Help for carers

Looking after someone who requires day-to-day care can be a rewarding but exhausting experience. Carers work tirelessly to help others and it can end up taking its toll on health, mental wellbeing and relationships.

Help for carers

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It is important to look after yourself if you are to continue providing the essential care of your loved one, so take a look at these practical tips on staying fit and well.
Your health
The long and often unsociable hours and many demands placed upon carers means finding time to exercise or de-stress can be difficult. But it is essential that you are fit and healthy in order to be able to perform those daily tasks.

Eating well is an easy way to keep yourself in good shape, and a balanced diet will go a long way to maintaining a healthy mind and body, including plenty of fruit and veg, starchy foods such as bread, potatoes, pasta and rice, protein and dairy. Wholegrain bread, cereal or pasta is a better option as it is high in fibre and contains B vitamins as well as calcium and iron. While it is best not to cut out any food groups entirely, try to cut back on salt, sugar and saturated fats. These can increase your cholesterol level, and thereby increase the risk of heart disease.

Regular exercise will not only keep you physically healthy, but will help to relieve stress and to clear your head of the day-to-day strain. Aim for five, 30-minute sessions of moderate exercise each week, and remember that daily activities such as housework, gardening and walking count, just as long as you're breathing more heavily than usual.

A good night's sleep is also essential, both for your physical and mental health, but it can be difficult to relax when you are responsible for someone who needs care 24/7. If you have trouble sleeping try some deep breathing exercises to help you relax, and if you are unable to get enough sleep because of regular nighttime duties, you must speak to your local authority about getting help.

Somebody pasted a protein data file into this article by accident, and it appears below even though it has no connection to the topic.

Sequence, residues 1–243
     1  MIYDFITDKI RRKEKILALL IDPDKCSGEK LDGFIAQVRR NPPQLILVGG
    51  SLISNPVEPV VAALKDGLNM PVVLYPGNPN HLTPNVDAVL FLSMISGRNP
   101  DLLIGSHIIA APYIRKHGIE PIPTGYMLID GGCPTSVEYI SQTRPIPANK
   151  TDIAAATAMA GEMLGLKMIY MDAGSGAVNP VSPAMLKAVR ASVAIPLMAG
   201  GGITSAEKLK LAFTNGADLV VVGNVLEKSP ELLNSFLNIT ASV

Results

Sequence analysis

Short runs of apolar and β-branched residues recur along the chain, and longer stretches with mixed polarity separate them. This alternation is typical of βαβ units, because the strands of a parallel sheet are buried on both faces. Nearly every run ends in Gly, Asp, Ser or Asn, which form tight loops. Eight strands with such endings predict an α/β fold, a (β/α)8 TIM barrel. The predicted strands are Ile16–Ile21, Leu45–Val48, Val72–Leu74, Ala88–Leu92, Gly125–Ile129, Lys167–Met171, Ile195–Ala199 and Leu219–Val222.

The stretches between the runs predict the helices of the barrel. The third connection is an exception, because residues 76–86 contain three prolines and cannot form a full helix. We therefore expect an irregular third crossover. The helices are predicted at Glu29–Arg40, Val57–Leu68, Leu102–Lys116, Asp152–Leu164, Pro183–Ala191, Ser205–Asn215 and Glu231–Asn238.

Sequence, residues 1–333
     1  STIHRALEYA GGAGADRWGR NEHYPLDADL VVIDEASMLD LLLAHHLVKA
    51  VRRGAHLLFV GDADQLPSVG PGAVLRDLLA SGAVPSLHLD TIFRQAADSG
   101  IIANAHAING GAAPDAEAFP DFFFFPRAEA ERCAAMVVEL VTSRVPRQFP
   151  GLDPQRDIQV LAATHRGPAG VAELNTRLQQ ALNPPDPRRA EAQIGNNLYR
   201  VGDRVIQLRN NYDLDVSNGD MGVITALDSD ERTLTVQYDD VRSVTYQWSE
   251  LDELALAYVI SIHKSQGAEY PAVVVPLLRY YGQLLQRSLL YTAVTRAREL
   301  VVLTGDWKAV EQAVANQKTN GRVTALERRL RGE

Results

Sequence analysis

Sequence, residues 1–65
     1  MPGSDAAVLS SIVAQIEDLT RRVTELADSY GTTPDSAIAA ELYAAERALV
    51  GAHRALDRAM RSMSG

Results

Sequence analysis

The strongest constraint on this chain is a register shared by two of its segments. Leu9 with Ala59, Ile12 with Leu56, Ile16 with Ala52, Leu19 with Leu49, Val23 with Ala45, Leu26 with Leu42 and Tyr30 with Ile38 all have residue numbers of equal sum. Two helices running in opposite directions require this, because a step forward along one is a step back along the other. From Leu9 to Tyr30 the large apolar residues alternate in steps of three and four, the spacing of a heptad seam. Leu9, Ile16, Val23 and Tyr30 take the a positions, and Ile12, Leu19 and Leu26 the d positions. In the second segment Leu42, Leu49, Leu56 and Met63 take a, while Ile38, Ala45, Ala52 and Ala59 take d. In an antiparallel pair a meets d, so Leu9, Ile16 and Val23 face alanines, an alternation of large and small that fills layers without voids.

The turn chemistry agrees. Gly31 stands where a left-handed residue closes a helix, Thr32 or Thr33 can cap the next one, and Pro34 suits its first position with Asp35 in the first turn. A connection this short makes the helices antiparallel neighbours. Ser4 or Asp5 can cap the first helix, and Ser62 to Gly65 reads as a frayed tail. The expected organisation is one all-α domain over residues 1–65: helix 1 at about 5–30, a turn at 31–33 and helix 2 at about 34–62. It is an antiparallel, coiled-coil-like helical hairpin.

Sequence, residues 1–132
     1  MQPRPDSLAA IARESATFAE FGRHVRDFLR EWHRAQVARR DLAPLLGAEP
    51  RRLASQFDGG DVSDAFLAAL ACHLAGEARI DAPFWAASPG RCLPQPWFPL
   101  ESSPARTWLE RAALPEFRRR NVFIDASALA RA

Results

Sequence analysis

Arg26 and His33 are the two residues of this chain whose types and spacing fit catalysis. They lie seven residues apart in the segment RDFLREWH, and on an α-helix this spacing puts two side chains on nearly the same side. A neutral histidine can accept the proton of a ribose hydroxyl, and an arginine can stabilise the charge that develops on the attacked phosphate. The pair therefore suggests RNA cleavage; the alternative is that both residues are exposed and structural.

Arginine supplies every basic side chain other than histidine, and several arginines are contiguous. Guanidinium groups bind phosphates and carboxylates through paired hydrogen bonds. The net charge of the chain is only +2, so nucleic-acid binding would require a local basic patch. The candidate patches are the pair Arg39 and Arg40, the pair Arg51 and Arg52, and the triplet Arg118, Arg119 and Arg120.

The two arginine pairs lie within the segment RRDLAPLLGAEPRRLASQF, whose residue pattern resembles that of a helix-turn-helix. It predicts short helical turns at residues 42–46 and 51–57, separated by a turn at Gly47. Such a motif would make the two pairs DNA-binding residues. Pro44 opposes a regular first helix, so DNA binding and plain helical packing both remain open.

It is often the case that being a carer puts pressure on relationships with partners, children or other family members. Try to be open and honest with your family about your feelings and frustrations, as this communication can strengthen bonds and enable others feel involved in your life. It may also help them to understand the pressures you are under personally.

However, if you are finding it impossible to spend quality time with your partner or children, consider discussing the situation with a social worker. A carer's assessment may result in respite care being offered.

Time for yourself
One of the big problems with being a carer is that time off can be almost impossible, but taking a break is important for your health and wellbeing.

The Carers Equal Opportunities Act (2004) was introduced to give carers a better work life balance, and affords you the right to ask the patient's local authority to conduct a carer's assessment. This is designed to establish your personal needs, from health concerns to work and education opportunities, as well as leisure time. It may result in you being given time off from being a carer or getting help on a regular basis.

The majority of carers love their work and despite the pressures and strains of caring for someone else, are often reluctant to ask for help. But if you are struggling to cope or your health or quality of life is suffering, Carers Direct can offer free, confidential support and advice on 0800 802 0202.

Are you a carer? How do you cope with health, relationships and long hours? Leave your comments below...
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